Suppose that you create a branch "mywork" on a remote-tracking branch "origin".
$ git checkout -b mywork origin
Now you do some work, creating two new commits.
$ vi file.txt $ git commit $ vi otherfile.txt $ git commit ...
Meanwhile, someone else does some work creating two new commits on the origin branch too. This means both 'origin' and 'mywork' has advanced, which means the work has diverged.
At this point, you could use "pull" to merge your changes back in; the result would create a new merge commit, like this:
However, if you prefer to keep the history in mywork a simple series of commits without any merges, you may instead choose to use git rebase:
$ git checkout mywork $ git rebase origin
This will remove each of your commits from mywork, temporarily saving them as patches (in a directory named ".git/rebase"), update mywork to point at the latest version of origin, then apply each of the saved patches to the new mywork.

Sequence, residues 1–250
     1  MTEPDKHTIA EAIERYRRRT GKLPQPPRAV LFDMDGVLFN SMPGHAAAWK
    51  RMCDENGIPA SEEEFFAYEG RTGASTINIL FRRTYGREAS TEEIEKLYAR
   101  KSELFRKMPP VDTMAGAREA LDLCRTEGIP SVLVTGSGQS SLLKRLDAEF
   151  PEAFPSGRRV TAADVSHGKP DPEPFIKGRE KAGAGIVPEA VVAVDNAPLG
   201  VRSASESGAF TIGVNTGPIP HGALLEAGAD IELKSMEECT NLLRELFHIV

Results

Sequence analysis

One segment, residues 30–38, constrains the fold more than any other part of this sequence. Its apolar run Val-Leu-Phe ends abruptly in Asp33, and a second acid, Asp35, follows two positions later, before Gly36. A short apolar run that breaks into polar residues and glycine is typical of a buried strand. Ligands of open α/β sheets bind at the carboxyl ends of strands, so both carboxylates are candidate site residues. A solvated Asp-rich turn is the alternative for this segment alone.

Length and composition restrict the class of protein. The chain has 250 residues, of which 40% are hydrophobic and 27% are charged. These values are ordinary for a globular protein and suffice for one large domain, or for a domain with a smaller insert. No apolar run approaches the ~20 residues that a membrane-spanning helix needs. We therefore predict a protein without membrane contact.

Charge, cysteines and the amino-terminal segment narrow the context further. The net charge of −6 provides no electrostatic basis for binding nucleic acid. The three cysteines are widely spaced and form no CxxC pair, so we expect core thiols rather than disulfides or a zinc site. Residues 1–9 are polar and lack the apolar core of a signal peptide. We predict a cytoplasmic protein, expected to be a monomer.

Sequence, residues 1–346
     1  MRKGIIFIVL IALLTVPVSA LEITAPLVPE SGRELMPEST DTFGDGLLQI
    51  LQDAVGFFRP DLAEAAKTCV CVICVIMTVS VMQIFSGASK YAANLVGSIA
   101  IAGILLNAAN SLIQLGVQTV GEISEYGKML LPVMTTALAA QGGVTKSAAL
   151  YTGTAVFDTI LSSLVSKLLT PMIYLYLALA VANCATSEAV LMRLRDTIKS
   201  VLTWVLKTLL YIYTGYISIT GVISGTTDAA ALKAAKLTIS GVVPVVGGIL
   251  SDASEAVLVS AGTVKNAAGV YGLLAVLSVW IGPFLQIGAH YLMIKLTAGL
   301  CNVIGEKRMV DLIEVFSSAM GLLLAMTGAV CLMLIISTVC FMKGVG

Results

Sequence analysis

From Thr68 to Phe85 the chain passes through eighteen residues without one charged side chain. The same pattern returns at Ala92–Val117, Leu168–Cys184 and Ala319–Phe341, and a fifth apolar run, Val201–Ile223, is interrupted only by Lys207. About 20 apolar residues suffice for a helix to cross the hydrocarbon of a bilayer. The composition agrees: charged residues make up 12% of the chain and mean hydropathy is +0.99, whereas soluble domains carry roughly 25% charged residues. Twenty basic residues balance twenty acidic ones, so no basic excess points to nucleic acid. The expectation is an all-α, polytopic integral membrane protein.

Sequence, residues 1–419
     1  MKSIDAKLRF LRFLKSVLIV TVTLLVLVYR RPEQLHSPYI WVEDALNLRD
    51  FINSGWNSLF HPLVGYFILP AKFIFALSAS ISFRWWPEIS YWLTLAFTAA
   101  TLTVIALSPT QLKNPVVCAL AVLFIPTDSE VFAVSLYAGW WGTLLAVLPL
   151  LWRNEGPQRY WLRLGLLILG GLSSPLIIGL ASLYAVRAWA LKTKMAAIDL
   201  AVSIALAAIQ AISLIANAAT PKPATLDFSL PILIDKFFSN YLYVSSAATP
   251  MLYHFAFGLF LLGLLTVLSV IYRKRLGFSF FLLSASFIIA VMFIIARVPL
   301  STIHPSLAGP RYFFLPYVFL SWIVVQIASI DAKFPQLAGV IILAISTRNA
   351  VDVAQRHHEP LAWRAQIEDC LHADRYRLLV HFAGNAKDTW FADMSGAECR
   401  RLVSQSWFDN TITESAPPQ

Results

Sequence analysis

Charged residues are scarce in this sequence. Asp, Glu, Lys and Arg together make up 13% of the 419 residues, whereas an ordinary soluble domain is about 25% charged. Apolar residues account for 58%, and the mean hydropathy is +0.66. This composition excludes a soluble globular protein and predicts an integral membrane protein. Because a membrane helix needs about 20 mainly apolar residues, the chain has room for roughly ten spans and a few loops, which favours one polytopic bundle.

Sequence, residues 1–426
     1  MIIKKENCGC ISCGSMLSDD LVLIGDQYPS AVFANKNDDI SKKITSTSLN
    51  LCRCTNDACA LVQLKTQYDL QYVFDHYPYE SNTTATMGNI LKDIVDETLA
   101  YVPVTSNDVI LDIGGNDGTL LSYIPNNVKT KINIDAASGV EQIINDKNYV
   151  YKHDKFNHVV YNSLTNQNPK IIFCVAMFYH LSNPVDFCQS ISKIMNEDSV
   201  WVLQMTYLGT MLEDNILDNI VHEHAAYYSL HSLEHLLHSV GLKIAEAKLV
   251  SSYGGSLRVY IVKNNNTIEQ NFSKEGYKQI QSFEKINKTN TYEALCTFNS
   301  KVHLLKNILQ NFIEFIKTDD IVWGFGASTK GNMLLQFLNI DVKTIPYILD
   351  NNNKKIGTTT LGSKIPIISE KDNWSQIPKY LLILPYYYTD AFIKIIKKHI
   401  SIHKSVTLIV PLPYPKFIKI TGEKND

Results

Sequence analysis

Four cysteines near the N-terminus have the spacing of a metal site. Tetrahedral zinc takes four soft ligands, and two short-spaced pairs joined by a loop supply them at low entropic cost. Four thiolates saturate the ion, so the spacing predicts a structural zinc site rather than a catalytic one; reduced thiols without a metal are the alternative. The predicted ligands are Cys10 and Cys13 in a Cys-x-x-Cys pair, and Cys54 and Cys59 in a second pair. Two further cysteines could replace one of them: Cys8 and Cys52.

Once the ref ('mywork') is updated to point to the newly created commit objects, your older commits will be abandoned. They will likely be removed if you run a pruning garbage collection. (see git gc)
So now we can look at the difference in our history between running a merge and running a rebase:
In the process of the rebase, it may discover conflicts. In that case it will stop and allow you to fix the conflicts; after fixing conflicts, use "git-add" to update the index with those contents, and then, instead of running git-commit, just run
$ git rebase --continue
and git will continue applying the rest of the patches.
At any point you may use the
--abort option to abort this process and
return mywork to the state it had before you started the rebase:
$ git rebase --abort